By Stuart Rothenberg
I certainly haven’t yet seen all of this cycle’s allegedly strong House candidates, but the beginning of March seems like a good time to list my favorite candidates so far, including both challengers and seekers of open seats but excluding candidates from the previous cycle who are running again. The group that follows is not presented in any particular order.
Ron Klein (D) is taking on Rep. Clay Shaw in Florida’s 22nd district — one of the 10 or 15 most competitive House races of the cycle. I found the state Senator to be poised and polished, without being too slick. He has already raised more than $1 million and is running in a very competitive district.
Having said that, Shaw is constantly underestimated. I’m not sure why. He has demonstrated over the past 30 years — first as mayor of Fort Lauderdale and then as a Member of Congress — that he is an effective politician who can win in a variety of circumstances and against allegedly strong challengers. Still, Klein conveys a sense of maturity and substance, and that makes him an unusually strong contender in the current environment.
After hearing Democrats talk about Wisconsin candidate John Gard (R), I expected a monster to come into my office. Instead, I encountered an accomplished political veteran who is both personable and politically savvy. He seemed smart, likable and down-to-earth.
The Speaker of the state Assembly, Gard, 42, is the favorite to win the GOP nomination for the seat being vacated by Rep. Mark Green (R-Wis.), who’s running for governor. Gard, who has already been endorsed by Green, is also considered the favorite to win the seat in November.
But Gard does face primary opposition from state Rep. Terri McCormick and a competitive general election. His opponents portray him as a political insider with ties to lobbyists and the establishment. But Gard, who entered the state Legislature at 24, is the kind of focused, results-oriented conservative that Democrats will hate if he makes it to Congress.
I wrote about Indiana’s Brad Ellsworth (D) in this space recently, so I don’t need to wax poetic about what a good candidate he is. With a law enforcement background, strong fundraising, a moderate (even conservative) bent and a personal appeal that most hopefuls lack, the Vanderburgh County sheriff has a chance of knocking off Rep. John Hostettler (R-Ind.).
Republicans have rallied around Illinois state Sen. Peter Roskam (R) in their effort to hold onto the seat of retiring Rep. Henry Hyde (R), which is considered politically competitive. Well-spoken and likable, Roskam sounds like a well-versed, mainstream conservative who fits this district well.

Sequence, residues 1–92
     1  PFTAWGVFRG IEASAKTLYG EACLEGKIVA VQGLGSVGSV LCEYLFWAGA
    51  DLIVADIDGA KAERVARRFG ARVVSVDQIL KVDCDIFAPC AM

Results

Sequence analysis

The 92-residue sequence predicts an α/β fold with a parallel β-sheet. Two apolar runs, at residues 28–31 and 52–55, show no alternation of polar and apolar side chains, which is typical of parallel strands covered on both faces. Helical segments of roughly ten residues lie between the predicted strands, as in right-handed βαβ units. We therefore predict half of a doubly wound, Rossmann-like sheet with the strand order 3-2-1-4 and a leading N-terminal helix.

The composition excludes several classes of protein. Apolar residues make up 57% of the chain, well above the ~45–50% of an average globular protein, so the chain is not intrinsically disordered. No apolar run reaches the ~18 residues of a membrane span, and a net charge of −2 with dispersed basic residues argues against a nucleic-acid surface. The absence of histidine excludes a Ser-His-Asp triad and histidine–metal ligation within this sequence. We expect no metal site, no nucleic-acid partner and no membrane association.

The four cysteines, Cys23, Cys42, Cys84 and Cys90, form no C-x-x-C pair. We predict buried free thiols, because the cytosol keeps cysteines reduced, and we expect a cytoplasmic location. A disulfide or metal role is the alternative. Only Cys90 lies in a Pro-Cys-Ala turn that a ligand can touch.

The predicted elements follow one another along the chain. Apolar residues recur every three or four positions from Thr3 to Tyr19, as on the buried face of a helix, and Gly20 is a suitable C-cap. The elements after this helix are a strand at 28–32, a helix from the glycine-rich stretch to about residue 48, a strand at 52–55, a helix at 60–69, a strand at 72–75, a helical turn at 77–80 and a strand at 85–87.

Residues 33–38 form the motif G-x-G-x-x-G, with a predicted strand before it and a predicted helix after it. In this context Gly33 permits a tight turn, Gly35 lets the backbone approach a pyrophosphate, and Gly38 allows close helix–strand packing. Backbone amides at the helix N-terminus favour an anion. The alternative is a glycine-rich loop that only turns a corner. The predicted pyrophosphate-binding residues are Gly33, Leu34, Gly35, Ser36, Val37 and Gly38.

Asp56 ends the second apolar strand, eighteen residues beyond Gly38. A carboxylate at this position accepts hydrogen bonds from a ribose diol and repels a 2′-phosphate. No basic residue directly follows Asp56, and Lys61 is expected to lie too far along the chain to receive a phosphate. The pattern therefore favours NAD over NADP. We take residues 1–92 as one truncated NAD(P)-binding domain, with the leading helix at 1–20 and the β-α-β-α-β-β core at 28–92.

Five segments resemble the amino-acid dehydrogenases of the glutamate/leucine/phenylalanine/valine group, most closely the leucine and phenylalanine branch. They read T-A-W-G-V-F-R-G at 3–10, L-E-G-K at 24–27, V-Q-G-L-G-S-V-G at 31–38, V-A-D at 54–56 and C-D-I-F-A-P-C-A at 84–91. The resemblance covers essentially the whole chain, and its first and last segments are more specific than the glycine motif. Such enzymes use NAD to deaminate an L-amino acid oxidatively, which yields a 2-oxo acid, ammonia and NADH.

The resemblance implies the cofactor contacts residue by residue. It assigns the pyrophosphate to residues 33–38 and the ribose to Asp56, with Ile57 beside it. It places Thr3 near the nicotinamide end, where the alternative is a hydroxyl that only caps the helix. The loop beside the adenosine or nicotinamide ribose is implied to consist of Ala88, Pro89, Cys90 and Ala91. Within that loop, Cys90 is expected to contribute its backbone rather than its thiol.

Roskam worked on Capitol Hill years ago for both Hyde and Rep. Tom DeLay (R-Texas), so he understands Congress and Congressional campaigns. He’s one of those rare politicians who one minute sounds like a policy wonk and then next talks like a strategist and campaign consultant. I found him refreshing for his candor and insight.
In the crowded 1st district race in Iowa to succeed gubernatorial hopeful Rep. Jim Nussle (R), I’ve met three top-tier candidates and each was impressive. Democrats Rick Dickinson and lawyer Bruce Braley both looked and sounded like Members of Congress. I started out wondering whether state Rep. Bill Dix (R) might be over his head given his small-town roots and farm boy persona. But Dix is a powerful committee chairman and a political strategist for his party, and his combination of political savvy and rural, “Mr. Smith Goes to Washington” charm makes him one of my favorites.
In Colorado’s 7th district, I’ve met two hopefuls who have won spots on my list: former state Rep. Peggy Lamm (D) and state Higher Education Commission Chairman Rick O’Donnell (R). O’Donnell conveys a sense of accomplishment, maturity and common sense. Lamm is, quite simply, hard not to like. After talking with her for 10 minutes, you get the feeling that you’ve known her for years. (At least she treats you that way.) This highly competitive seat is open because Rep. Bob Beauprez (R) is running for governor.
Democrat Dan Seals is running against Rep. Mark Kirk (R) in Illinois and has little or no chance of winning. But if state and national Democrats have any sense, they’ll find a way to use the African-American businessman’s obvious skills and appeal. A graduate of Boston University, he holds a master’s degree from the Johns Hopkins School of Advanced International Studies and an MBA from the University of Chicago. He currently works for GE Commercial Finance.
Another young Democrat, Chris Murphy, has a somewhat better shot this fall than Seals does. Though he looks even younger than his 32 years, Murphy is a seven-year veteran of the state Legislature, serves as assistant Majority Leader in the Senate and chairman of the Public Health Committee. Given his electoral track record and personal skills, he looks to have a far better chance of knocking off veteran Rep. Nancy Johnson (R-Conn.) than I assumed before I interviewed him.
Finally, Sharron Angle (R) of Nevada, isn’t as dynamic as some candidates, but I must admit that I was impressed with her cool confidence and determination, as well as with her understanding of politics. The state Assemblywoman has built her reputation as an opponent of taxes, and she is going to ride that horse are far as it will take her. It may well take her to Capitol Hill, though she is in the middle of a three-way primary for Congress in Nevada’s 3rd district, a seat that Rep. Jim Gibbons (R) is giving up to run for governor.
That’s my list so far. There are still highly touted challengers and open-seat hopefuls I haven’t yet met — and I’m a bit concerned that some of them are being kept away because the hype surrounding them is grossly exaggerated.
This column first appeared in Roll Call on March 2, 2006. Copyright 2006 © Roll Call Inc. All rights reserved. Reprinted with permission.
Monday, March 06, 2006
By Stuart Rothenberg